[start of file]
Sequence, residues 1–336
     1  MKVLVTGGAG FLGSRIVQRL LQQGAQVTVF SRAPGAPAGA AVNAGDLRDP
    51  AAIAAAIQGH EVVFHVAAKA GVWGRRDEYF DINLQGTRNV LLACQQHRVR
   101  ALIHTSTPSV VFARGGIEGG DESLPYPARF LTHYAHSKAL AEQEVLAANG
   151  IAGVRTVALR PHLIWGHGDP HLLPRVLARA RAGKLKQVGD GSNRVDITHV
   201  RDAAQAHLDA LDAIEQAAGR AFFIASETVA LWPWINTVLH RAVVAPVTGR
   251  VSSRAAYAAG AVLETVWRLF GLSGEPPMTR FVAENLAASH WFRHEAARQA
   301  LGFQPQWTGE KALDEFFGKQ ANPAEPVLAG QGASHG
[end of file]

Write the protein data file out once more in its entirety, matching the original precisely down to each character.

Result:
Sequence, residues 1–336
     1  MKVLVTGGAG FLGSRIVQRL LQQGAQVTVF SRAPGAPAGA AVNAGDLRDP
    51  AAIAAAIQGH EVVFHVAAKA GVWGRRDEYF DINLQGTRNV LLACQQHRVR
   101  ALIHTSTPSV VFARGGIEGG DESLPYPARF LTHYAHSKAL AEQEVLAANG
   151  IAGVRTVALR PHLIWGHGDP HLLPRVLARA RAGKLKQVGD GSNRVDITHV
   201  RDAAQAHLDA LDAIEQAAGR AFFIASETVA LWPWINTVLH RAVVAPVTGR
   251  VSSRAAYAAG AVLETVWRLF GLSGEPPMTR FVAENLAASH WFRHEAARQA
   301  LGFQPQWTGE KALDEFFGKQ ANPAEPVLAG QGASHG